Sweet Neighbor Girl greeted me Sunday morning with a news flash: the bugs we'd caught the day before were STILL alive, contrary to what I'd told her would likely happen. She had the evidence with her to prove it. We celebrated on the front porch by demonstrating every dance we could think of: Macarena, YMCA, Chicken Polka, Swim, Jerk, Twist, Monster Mash, Freddie, Dougie, PeeWee Herman Tequila, Hokey-Pokey, Disco, you name it. Fortunately, neither of us thought of the Limbo Rock at the time. Otherwise, I'd be in traction today.

In the afternoon Big Bore and I played a lazy game of horseshoes, which I won 21-11. At the end of every game we have a ritual--we throw two more shoes just for the heck of it. His first one missed badly, and then I made a fatal mistake by saying, "I'll give you the game if you can ring your last toss." And, of course, what does he do but nail that sucker! "Are you still going to give me the game?" he asked. Yeah, but with an asterisk.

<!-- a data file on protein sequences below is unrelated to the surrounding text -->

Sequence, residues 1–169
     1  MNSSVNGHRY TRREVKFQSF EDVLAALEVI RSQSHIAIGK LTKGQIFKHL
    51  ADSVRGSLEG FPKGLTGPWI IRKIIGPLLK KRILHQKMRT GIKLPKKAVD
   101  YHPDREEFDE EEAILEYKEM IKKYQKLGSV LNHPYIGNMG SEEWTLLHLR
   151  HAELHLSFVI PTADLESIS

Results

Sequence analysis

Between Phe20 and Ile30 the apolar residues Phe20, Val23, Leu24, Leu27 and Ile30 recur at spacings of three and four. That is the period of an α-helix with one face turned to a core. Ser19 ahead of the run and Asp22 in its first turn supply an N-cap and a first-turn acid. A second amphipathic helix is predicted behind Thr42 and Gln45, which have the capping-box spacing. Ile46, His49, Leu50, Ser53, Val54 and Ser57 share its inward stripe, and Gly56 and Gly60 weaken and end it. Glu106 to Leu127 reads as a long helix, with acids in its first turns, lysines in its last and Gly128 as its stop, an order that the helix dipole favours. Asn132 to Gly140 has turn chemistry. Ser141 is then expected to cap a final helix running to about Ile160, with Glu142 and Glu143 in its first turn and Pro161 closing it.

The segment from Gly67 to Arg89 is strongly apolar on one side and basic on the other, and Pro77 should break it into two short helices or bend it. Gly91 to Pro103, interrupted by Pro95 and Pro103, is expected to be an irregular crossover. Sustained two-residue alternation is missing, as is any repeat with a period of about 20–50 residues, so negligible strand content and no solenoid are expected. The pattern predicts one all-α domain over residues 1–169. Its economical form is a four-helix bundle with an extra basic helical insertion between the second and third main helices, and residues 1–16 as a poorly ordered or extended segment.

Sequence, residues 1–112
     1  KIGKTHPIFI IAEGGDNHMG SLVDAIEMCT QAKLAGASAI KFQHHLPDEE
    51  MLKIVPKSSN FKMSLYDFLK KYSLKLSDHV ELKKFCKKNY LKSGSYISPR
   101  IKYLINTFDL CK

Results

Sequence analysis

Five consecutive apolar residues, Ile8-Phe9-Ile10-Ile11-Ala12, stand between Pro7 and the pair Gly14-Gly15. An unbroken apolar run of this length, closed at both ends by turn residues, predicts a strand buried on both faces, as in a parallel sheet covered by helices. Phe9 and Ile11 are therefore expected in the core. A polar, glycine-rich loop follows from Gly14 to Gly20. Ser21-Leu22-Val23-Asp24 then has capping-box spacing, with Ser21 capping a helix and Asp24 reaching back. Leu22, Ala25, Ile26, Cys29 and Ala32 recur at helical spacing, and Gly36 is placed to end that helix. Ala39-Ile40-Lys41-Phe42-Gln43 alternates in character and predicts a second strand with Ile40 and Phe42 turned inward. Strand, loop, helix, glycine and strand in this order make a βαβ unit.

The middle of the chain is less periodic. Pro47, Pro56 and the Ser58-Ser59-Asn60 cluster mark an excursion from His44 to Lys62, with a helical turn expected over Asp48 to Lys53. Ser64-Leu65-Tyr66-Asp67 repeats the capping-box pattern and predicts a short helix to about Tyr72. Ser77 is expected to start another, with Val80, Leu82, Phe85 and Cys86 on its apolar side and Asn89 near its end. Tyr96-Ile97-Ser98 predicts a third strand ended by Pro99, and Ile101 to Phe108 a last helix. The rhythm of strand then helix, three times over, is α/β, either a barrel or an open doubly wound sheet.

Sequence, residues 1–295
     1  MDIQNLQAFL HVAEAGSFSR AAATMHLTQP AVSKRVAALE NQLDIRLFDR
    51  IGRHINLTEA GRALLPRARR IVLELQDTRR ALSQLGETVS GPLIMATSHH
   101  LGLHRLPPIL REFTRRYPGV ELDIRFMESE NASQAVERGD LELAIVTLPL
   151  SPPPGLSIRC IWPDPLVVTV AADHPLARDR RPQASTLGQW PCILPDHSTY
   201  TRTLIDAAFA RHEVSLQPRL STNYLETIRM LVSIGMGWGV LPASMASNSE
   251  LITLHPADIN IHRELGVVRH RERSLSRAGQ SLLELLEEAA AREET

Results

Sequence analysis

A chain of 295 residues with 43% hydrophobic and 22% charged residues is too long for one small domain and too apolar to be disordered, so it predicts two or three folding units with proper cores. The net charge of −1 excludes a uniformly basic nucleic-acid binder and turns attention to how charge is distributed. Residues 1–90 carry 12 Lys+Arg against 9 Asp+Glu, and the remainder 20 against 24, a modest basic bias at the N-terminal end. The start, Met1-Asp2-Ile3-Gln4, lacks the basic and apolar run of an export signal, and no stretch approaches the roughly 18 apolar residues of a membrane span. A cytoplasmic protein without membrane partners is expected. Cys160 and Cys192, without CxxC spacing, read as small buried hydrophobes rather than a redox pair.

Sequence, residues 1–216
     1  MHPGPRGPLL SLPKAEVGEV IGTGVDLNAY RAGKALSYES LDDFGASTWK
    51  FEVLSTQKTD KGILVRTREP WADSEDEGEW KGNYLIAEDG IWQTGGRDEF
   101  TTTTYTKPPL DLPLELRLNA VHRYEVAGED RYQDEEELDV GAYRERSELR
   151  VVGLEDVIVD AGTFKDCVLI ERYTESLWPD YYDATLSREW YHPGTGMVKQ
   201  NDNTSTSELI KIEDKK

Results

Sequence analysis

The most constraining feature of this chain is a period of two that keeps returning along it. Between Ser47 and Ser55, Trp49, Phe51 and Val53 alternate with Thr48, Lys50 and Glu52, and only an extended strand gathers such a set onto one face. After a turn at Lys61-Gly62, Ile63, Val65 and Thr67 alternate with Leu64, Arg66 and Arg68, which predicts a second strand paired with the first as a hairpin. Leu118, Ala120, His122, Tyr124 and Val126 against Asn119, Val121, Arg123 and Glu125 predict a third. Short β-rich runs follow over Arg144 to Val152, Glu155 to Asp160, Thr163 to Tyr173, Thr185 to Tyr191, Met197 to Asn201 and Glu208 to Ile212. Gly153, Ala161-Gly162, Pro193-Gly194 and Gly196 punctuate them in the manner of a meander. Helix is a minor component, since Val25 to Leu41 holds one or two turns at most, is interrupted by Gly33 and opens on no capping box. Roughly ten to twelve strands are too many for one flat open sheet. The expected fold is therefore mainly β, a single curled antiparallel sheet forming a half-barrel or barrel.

At dusk, just as we we were settling down to watch TV, the doorbell rang. Out on the porch were a lovely gypsy and a mini zombie. "We got our Halloween costumes today!!!" the neighbor kids excitedly announced. They came inside to model them, and Critter about jumped through her skin when the little zombie boy started petting her with his rubbery fingers. That was just pretty much enough excitement for one day. Onward to a new week!

Sunday, October 16, 2011


Yesterday afternoon Sweet Neighbor Girl came over with a burning request: "Will you help me find some bugs?"

Now, I've always been a buggy kind of gal so I leaped at the opportunity.

"What do you need bugs for?"

"My Girl Scout meeting after school Monday."